Project seen as ‘great achievement’ for HE in Africa
The project, divided into ACE I, implemented in the West and Central Africa regions, and ACE II, implemented in the Eastern and Southern Africa regions since 2014, also gobbled up a total of US$722 million, with the bank contributing US$650 million, while the French Development Agency, or AFD, spent US$72 million.
The money was spent on 81 ACEs in 20 countries across the two regions, where a total of 2,200 research publications have been produced, 1,000 faculty and PhD students’ exchanges have happened, while some 375 memorandums of understanding have been signed.
At the same time, the centres externally generated a total of US$50 million while facilitating 5,400 internships for its students, said Roberta Bassett, the World Bank’s global lead for Tertiary Education and senior education specialist.
“This project represents some of the greatest achievements in higher education in Africa in the past 20 years,” Bassett noted.
“As a model of excellence, it has proved that it is possible to be replicated in other parts of the world and can be expanded in other parts of Africa,” she told a webinar on ‘Strengthening Human Capital Development in Africa’, hosted by the Regional Universities Forum for Capacity Building in Agriculture (RUFORUM).
“These results also include improved learning environments in host universities, and numerous university-industry partnerships,” added Bassett.
STEM, health and agriculture
As part of the project, degrees in science, technology, engineering and mathematics, or STEM, health and agriculture have been offered as they are all seen as a priority for Africa’s development.
About 68% of programmes offered under ACE I were in STEM, while health and agriculture had 16% at MSc level. At PhD level, 51% of the programmes were in STEM while 20% and 29% of the courses were in agriculture and health respectively.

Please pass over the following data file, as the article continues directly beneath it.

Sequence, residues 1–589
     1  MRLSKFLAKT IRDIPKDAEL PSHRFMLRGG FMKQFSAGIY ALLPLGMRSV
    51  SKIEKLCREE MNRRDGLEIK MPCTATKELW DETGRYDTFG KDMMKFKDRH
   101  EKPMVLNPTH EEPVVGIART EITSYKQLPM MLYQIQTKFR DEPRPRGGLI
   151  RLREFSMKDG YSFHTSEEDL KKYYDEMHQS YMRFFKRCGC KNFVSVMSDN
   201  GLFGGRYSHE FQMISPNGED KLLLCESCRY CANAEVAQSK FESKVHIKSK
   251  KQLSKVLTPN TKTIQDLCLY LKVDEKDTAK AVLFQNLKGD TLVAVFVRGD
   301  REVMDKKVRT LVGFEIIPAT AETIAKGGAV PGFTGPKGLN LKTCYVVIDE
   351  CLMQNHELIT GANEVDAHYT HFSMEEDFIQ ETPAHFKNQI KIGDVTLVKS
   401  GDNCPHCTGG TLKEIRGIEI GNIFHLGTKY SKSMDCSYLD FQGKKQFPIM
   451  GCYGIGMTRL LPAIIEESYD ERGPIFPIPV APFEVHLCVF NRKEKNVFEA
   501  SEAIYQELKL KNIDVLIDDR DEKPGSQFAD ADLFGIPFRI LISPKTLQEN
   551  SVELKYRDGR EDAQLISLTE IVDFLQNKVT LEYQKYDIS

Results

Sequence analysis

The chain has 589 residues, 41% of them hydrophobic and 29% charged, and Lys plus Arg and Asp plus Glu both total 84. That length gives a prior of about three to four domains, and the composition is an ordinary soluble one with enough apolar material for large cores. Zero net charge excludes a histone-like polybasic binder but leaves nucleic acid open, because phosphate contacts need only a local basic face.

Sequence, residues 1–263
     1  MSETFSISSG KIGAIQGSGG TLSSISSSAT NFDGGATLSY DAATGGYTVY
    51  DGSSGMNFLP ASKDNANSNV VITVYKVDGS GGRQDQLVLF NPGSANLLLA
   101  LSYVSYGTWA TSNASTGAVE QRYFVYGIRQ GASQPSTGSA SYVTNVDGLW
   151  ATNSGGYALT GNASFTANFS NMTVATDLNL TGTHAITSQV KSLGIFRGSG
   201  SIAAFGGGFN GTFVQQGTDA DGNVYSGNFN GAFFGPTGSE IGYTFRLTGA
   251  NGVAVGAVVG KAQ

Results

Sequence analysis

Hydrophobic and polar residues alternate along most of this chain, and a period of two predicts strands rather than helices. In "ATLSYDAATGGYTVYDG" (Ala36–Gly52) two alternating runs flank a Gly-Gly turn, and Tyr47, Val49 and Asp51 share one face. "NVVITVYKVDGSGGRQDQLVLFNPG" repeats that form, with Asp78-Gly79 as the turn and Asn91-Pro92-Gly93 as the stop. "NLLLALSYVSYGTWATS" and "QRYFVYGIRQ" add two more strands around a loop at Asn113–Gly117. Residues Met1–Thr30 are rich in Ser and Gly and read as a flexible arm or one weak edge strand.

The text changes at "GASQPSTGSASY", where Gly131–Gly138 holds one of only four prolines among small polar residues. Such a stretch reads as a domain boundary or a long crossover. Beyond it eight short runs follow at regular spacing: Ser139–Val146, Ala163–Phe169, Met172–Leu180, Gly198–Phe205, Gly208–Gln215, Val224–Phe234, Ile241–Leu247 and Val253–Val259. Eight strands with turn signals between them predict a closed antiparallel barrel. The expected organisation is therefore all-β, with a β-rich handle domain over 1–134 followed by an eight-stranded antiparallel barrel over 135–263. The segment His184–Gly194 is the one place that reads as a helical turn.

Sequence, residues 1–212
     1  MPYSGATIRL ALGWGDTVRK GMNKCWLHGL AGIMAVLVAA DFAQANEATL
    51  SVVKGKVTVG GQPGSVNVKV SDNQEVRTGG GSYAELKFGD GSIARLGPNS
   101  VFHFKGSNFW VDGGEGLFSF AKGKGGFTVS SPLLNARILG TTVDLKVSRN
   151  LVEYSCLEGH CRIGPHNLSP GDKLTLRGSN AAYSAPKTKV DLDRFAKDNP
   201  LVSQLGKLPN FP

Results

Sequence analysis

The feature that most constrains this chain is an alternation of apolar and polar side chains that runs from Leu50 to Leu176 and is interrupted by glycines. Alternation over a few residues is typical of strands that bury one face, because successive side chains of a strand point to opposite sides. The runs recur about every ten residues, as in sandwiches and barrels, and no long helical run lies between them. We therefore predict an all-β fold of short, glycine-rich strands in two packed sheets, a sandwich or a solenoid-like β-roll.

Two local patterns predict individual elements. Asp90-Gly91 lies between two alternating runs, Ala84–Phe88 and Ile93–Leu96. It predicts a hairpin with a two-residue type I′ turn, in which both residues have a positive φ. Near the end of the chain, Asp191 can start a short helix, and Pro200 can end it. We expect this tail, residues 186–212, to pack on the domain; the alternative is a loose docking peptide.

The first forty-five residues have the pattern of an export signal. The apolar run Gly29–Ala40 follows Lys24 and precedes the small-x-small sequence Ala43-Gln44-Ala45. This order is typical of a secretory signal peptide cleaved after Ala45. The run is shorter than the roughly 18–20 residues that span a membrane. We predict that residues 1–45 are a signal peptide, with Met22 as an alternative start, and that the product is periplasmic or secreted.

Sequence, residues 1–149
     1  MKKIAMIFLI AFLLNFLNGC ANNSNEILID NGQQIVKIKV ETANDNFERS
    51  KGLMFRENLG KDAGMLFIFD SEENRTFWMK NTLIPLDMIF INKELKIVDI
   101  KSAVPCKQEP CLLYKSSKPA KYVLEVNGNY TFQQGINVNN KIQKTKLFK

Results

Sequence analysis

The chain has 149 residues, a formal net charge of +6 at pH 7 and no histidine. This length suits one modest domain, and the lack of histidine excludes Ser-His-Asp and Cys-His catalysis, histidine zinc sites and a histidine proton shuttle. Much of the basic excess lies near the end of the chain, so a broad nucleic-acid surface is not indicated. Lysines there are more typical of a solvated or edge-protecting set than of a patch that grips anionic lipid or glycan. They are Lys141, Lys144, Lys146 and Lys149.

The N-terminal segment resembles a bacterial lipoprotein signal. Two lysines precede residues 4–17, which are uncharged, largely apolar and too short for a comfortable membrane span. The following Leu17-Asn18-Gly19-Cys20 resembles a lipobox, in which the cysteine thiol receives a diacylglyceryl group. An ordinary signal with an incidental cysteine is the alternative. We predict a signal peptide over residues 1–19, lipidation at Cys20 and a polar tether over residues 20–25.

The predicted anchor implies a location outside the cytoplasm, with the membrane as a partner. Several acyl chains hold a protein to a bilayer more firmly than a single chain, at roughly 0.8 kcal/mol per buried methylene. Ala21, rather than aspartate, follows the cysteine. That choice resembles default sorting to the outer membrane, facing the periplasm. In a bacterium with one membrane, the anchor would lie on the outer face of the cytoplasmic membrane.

With ACE II, STEM programmes were also the most popular at 46%, followed by health at 43%, while agriculture trailed at 11%, all at MSC level. The picture was very different at PhD level, where 52% of degrees taken were in STEM, while 22% were taken by health and 27% of the degrees were in agriculture.
The project in some countries – specifically Mozambique and Malawi – will go on for another “five to six years” where the bank has partnered with RUFORUM in a US$70 million initiative on agriculture education and research known as ACE II-AF. Under the financing, six additional centres will be established in the two countries.
In its entirety, Bassett noted that the ACE was focused on boosting human capital in Africa “in the perspective of improving the quality of academics for future quality graduates”.
It was also intended to train more PhD and MSc graduates in Sub-Saharan Africa, while boosting research and applied research, to complement what universities have been doing.
One way of developing human capital capable of steering Africa into the next phase of development is by reviewing curricula used in African universities, according to Professor Olusola Oyewole, the secretary-general of the Association of African Universities, or AAU.
He noted the curricula were “colonial”, inherited from former rulers of the continent, and remained unchanged for several decades.